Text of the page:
Of wedding rings and red herrings

The NYT has published an article bemoaning inequality; which would be great if it didn’t basically amount to: “if those silly women would just marry, most of their problems would go away”.

Mind you, I don’t dispute that unmarried women are generally hit worse by the ravages of the US economy (and incidentally, so are single fathers), nor that being unmarried seems to cluster in economically poorer social strata. However, the article is being ignorant and/or dismissive of systemic problems it even mentions (that dropping out of college tends to result in lower income; that having inadequate and expensive child-care makes things worse for those who need it more often; that hourly workers are massively underpaid in the US; that workers can’t get paid sick-leave even for severe injuries/recovery from surgery; that in the US, extra-curricular activities for kids cost and arm and a leg, and due to lack of safe public transportation, require a parent who can shuttle said kids to said activities; etc.), in favor of pointless hand-wringing about moral decay, lack of “marriageable men” in lower economic strata*, and other similarly moralistic complaints.
It uses such deeply problematic lines** as “their odds were not particularly good: nearly half the unmarried parents living together at a child’s birth split up within five years, according to Child Trends” to imply that if only people married right away, things would get better; as if it weren’t equally well-known that single-parenthood is actually healthier than the sort of extremely conflict-ridden marriages that would have resulted if all those couples that had split up had married instead and had insisted on “staying married for the children”. Bonus for whining about “children from multiple men”, despite the utter insignificance of that to the issue at hand; after all, being a single mother because one dude left you is not objectively better than being a single mother because several of them did (and I’m NOT touching a couple other possible reasons why a woman might have children by multiple men).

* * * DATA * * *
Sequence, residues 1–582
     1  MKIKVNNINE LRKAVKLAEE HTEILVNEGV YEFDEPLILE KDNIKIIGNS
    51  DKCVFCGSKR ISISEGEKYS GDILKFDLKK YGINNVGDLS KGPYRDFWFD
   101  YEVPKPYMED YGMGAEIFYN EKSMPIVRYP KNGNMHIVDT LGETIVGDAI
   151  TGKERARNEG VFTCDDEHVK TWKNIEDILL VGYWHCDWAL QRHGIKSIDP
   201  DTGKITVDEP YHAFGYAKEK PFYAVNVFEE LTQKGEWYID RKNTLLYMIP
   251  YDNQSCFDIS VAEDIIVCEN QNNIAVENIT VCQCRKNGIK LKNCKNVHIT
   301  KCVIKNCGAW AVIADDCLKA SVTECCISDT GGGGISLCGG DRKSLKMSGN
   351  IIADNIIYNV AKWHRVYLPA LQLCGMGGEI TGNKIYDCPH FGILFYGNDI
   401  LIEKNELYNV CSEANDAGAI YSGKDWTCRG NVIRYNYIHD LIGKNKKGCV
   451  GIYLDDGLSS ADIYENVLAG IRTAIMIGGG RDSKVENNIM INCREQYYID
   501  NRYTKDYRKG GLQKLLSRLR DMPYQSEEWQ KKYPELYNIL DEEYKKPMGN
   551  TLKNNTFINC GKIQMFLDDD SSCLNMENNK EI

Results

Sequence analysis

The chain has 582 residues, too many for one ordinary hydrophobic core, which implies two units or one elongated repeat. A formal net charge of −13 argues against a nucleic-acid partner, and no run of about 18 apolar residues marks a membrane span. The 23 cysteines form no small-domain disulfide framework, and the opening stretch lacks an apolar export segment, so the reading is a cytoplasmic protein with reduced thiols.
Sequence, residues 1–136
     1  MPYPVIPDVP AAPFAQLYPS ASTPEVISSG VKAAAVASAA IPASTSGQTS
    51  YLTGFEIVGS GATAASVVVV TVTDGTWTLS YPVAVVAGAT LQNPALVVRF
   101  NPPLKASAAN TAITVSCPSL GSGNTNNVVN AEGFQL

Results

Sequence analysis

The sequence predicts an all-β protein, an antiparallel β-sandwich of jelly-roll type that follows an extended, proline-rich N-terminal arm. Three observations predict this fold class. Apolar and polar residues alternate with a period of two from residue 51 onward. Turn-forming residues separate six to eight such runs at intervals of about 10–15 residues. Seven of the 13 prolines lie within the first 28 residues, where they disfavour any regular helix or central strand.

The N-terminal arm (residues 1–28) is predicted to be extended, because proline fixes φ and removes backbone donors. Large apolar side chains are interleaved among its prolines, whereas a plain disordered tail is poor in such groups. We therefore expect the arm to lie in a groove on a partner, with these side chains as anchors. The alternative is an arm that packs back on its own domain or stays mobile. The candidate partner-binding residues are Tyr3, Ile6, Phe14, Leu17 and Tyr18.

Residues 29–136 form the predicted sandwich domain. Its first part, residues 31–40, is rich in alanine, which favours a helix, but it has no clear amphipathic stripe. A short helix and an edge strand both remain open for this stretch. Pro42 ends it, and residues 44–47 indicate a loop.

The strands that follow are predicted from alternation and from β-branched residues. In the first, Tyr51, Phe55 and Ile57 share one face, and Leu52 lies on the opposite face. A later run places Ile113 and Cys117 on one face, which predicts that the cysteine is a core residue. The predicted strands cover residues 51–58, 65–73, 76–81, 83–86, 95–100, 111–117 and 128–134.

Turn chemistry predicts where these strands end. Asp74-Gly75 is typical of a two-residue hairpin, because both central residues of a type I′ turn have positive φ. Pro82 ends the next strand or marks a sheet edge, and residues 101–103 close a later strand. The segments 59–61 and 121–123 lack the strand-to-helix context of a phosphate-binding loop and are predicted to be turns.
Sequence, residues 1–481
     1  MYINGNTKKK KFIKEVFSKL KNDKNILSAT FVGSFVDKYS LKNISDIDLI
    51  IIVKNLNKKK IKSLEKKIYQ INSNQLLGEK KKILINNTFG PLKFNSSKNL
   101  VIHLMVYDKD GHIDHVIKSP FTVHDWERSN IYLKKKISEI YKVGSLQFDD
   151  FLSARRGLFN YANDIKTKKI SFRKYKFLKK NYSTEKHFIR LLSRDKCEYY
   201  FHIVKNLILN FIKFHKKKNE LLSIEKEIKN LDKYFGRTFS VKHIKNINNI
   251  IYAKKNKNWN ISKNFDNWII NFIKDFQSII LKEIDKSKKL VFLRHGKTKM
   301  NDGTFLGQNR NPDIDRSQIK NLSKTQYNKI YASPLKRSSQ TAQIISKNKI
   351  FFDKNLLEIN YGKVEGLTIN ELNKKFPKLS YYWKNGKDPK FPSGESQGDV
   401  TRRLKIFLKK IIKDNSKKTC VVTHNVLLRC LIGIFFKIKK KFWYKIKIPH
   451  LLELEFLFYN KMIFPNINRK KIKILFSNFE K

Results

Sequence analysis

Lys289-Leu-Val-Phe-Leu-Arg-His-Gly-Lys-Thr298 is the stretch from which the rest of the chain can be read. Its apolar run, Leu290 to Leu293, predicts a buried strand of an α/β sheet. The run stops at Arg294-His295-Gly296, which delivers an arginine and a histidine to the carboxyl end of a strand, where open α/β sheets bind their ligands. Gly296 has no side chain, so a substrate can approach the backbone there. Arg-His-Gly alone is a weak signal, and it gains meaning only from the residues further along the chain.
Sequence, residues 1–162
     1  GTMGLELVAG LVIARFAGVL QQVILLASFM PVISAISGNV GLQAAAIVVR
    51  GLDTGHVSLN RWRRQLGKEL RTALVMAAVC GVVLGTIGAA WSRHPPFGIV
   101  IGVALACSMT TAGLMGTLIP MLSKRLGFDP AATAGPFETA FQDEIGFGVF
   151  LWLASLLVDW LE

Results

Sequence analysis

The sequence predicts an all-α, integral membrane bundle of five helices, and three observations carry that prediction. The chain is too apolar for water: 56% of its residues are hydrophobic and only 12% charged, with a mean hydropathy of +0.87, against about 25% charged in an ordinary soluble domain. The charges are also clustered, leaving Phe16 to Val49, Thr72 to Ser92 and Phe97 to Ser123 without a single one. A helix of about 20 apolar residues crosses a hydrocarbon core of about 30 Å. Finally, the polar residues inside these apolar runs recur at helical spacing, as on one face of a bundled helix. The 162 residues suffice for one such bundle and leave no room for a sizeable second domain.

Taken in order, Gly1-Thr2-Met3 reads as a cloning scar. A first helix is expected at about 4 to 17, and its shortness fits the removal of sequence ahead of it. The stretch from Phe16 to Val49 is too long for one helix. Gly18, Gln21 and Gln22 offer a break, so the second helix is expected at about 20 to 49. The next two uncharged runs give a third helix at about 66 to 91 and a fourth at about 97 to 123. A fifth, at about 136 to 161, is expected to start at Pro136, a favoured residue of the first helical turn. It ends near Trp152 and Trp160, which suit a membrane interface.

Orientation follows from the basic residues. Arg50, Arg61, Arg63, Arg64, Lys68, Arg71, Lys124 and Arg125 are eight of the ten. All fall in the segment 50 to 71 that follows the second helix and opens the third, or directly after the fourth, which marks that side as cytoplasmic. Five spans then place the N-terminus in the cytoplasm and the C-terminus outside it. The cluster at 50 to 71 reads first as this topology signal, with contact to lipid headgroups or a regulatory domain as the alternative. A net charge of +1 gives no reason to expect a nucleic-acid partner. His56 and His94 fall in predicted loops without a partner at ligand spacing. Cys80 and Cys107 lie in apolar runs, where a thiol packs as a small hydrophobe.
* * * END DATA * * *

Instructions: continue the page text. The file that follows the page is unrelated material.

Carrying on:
Another doozy: “Forty years ago, the top and middle income thirds had virtually identical family patterns”. Well that’s nice. 40 years ago, unions weren’t almost dead yet, minimum wage was higher, economic exploitation of workers was less, education was cheaper. All of this is far more relevant than whether people are married. And I know this because Sweden has a marriage rate lower, and an out-of-wedlock childbirth rate higher than the USA, and yet, inequality is low and children aren’t “doomed” to anything. Trying to guilt-trip women about their single-parent status by blaming their poverty on their singleness is pure, unadulterated bullshit.

Anyway, the article keeps on mentioning class and educational differences at childbirth, but it insists on focusing on marriage instead of getting women educated and providing better childcare services and worker protections. Why? Because writing about responsible social policy is a snooze compared to slut-shaming; which is why we get conclusions like this: “That is the essence of the story of Ms. Faulkner and Ms. Schairer. What most separates them is not the impact of globalization on their wages but a 6-foot-8-inch man named Kevin”, when in reality what separates them is that one has a college education and a salaried job, while the other is an hourly worker with a community college degree; and a special needs child.

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*Classism and promotion of toxic masculinity FTL.
**Another favorite: “Ms. Schairer has trouble explaining, even to herself, why she stayed so long with a man who she said earned little, berated her often and did no parenting.” Hm. Might that ‘why’ have something to do with the kind of “single motherhood = teh ebil” atmosphere that makes women cling to seriously flawed men because the alternative seems even worse?***
***And since I’m quoting depressing signs of sexism making people’s lives harder, read this exchange and weep:

“I’m not the only boy anymore; we’re going to do boy stuff!” Ms. Schairer recounts him saying.
“What’s boy stuff?” she asked.
“We’re going to play video games and shoot Nerf guns and play Legos,” he said.
“We do that now,” she said.
“Yeah, but you’re not a boy,” he said.